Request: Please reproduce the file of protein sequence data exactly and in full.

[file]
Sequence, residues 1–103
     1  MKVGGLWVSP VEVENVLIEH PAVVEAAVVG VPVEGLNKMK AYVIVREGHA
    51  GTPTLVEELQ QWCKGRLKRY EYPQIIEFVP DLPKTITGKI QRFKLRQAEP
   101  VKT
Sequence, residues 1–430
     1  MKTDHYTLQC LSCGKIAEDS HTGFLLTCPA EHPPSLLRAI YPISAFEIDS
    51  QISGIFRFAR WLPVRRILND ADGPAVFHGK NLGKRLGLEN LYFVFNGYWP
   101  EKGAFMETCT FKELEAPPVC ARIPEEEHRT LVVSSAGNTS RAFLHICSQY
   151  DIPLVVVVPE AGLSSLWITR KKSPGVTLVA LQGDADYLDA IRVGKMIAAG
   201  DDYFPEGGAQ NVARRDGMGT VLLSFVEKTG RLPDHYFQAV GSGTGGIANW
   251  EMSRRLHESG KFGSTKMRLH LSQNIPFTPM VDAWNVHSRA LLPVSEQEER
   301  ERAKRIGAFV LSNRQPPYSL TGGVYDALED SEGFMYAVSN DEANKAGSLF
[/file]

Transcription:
Sequence, residues 1–103
     1  MKVGGLWVSP VEVENVLIEH PAVVEAAVVG VPVEGLNKMK AYVIVREGHA
    51  GTPTLVEELQ QWCKGRLKRY EYPQIIEFVP DLPKTITGKI QRFKLRQAEP
   101  VKT
Sequence, residues 1–430
     1  MKTDHYTLQC LSCGKIAEDS HTGFLLTCPA EHPPSLLRAI YPISAFEIDS
    51  QISGIFRFAR WLPVRRILND ADGPAVFHGK NLGKRLGLEN LYFVFNGYWP
   101  EKGAFMETCT FKELEAPPVC ARIPEEEHRT LVVSSAGNTS RAFLHICSQY
   151  DIPLVVVVPE AGLSSLWITR KKSPGVTLVA LQGDADYLDA IRVGKMIAAG
   201  DDYFPEGGAQ NVARRDGMGT VLLSFVEKTG RLPDHYFQAV GSGTGGIANW
   251  EMSRRLHESG KFGSTKMRLH LSQNIPFTPM VDAWNVHSRA LLPVSEQEER
   301  ERAKRIGAFV LSNRQPPYSL TGGVYDALED SEGFMYAVSN DEANKAGSLF